via Spong

With all the next-gen news of late (and flurries of name calling based on leaked stats, manipulated figures and plain nonsense) the phrase “There are three kinds of lies: lies, damned lies and statistics”†, appears to be more on the mark than ever.

But sometimes statistics can throw up some truly intriguing information. The ‘Many Eyes’ project’s findings regarding average game review scores for last-gen systems including Xbox, PS2, GameCube and Dreamcast, present one of these moments.

According to its ‘visualisation’ (pictured right), which is based on data from the Metacritic review-score site, both the Xbox and the PlayStation 2 are beaten by GameCube and Dreamcast in terms of games receiving the highest-scores.

Very little other information, aside from the raw data is given. So, for example, we don’t know over what period the information derives from (although Metacritic began business in 1999). However, what it does tell us (or in this case show us) is the following:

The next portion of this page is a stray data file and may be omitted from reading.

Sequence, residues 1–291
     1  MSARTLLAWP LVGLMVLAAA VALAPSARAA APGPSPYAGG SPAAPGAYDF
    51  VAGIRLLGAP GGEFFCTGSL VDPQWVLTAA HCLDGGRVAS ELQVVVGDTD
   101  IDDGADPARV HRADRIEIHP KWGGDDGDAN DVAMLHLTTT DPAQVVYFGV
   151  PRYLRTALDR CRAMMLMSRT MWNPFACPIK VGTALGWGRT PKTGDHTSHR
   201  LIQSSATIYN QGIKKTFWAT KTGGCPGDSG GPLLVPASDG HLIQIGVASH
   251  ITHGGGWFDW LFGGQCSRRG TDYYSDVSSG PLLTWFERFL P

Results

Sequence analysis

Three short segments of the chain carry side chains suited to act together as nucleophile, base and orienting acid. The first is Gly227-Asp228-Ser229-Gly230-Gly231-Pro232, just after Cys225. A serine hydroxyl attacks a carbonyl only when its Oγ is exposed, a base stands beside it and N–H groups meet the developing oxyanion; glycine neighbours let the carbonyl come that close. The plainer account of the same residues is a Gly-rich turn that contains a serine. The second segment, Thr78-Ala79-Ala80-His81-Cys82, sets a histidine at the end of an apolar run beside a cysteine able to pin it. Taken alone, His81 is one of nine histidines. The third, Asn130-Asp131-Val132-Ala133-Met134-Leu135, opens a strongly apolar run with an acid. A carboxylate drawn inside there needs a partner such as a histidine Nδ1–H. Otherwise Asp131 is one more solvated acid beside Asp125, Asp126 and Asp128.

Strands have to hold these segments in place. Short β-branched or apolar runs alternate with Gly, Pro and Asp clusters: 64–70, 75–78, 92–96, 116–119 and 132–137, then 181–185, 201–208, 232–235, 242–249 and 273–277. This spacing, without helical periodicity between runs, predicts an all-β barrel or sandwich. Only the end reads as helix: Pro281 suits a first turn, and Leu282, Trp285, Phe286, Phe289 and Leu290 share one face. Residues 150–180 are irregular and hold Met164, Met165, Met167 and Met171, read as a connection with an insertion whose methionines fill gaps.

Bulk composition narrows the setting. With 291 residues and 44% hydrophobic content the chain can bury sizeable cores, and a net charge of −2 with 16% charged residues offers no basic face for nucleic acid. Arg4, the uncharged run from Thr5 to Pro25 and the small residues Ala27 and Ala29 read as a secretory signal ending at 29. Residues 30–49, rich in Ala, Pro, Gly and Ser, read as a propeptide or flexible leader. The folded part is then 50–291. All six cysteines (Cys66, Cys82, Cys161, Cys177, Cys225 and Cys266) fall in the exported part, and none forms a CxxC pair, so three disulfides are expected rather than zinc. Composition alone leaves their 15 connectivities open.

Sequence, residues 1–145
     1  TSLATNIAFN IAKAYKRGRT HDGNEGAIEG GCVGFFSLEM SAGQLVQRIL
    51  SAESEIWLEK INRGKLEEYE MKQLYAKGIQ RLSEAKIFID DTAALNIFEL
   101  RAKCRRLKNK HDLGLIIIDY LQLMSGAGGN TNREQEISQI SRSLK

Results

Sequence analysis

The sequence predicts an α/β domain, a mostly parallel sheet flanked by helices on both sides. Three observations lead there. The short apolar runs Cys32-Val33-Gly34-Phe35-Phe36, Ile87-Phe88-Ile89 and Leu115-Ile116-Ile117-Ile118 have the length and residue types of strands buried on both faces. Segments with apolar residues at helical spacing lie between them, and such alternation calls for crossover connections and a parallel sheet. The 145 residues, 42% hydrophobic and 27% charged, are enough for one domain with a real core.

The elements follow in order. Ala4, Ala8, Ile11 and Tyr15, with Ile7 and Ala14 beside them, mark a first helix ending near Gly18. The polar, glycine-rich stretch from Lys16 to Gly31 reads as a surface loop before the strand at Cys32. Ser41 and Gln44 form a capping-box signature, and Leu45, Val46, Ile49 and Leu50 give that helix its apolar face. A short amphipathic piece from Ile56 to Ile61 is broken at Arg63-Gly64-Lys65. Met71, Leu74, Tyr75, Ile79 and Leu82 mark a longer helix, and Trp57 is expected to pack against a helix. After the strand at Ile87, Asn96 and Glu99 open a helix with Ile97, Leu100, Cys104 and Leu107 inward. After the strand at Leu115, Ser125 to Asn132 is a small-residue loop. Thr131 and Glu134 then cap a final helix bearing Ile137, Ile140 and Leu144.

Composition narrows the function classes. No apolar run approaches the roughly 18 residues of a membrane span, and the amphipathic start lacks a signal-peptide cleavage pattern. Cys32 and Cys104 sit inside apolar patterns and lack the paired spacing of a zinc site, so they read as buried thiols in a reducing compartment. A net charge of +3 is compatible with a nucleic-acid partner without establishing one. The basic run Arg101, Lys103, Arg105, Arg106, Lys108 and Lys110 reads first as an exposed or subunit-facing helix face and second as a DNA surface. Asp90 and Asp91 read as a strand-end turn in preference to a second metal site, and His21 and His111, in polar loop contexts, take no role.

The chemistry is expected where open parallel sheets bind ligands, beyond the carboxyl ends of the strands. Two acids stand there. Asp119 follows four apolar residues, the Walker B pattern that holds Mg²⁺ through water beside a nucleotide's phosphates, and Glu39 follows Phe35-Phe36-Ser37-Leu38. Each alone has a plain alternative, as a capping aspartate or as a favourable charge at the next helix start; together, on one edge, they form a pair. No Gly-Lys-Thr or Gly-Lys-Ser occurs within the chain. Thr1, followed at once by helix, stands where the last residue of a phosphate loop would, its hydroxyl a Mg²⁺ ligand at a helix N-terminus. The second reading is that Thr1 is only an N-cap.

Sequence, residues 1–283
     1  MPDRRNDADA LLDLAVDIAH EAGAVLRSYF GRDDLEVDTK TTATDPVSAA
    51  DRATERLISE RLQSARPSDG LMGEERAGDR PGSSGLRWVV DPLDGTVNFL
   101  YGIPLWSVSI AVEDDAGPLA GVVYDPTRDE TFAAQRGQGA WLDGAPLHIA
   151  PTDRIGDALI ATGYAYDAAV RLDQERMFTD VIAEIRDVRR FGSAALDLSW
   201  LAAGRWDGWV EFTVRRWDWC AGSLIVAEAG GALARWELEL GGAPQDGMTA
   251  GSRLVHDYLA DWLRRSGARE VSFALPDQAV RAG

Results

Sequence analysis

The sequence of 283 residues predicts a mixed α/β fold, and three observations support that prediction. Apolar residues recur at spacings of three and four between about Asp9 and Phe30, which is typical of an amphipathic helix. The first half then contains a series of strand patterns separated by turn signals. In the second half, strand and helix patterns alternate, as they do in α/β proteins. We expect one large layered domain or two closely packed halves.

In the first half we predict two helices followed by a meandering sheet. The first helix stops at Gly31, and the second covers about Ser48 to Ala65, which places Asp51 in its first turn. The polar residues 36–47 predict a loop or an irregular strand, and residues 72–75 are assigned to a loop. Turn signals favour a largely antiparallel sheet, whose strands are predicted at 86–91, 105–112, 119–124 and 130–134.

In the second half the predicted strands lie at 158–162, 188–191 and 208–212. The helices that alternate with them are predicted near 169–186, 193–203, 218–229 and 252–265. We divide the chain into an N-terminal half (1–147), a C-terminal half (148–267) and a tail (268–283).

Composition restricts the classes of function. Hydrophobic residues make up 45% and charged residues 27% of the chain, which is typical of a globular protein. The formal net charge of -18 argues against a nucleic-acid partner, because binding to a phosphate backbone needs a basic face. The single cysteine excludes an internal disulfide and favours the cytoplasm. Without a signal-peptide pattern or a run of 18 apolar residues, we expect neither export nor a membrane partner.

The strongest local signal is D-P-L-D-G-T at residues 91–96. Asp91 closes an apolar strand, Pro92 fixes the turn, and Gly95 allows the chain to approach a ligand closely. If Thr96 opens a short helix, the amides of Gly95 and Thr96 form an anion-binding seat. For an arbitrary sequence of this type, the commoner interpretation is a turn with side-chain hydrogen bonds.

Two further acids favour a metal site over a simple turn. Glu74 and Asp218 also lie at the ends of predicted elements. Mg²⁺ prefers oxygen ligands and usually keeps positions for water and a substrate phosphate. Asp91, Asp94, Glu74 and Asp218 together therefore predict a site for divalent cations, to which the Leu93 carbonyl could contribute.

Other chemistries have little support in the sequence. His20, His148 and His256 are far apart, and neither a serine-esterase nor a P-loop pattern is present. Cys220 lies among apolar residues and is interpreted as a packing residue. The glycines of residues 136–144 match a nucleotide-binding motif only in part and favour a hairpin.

Of games rated between 97-100 points (from 100), the Dreamcast caught three while the Xbox and PS2 attracted two and one respectively. At the lower end of the scale, games that rated at less than 29 points appeared five times on the PS2, six times on the Xbox, twice on the GameCube; no Dreamcast games rated that low-down.

The number of review ratings used by the data in total is 2,913. This breaks down as follows:

PS2 – 1,417
Xbox – 854
GameCube – 500
Dreamcast - 142

What is also made clear by the stats is that the media likes to be 'nice', with the bulk of the review scores (2,077) appearing between the 57 to 84 point range.

The Many Eyes project is part of the part of IBM's Collaborative User Experience research group – and there’s a vague chance that you could take it seriously. However, the more you drill into the stats, the more questions need to be asked, including: with more than 2,500 PS2 games released in Europe, why only 1,147 reviews in this sample? Why so few Dreamcast games - 142? Which sites did Metacritic use?

So, once again, while looking over the lovely graph, bear in mind that stats are only as good as the information supporting them.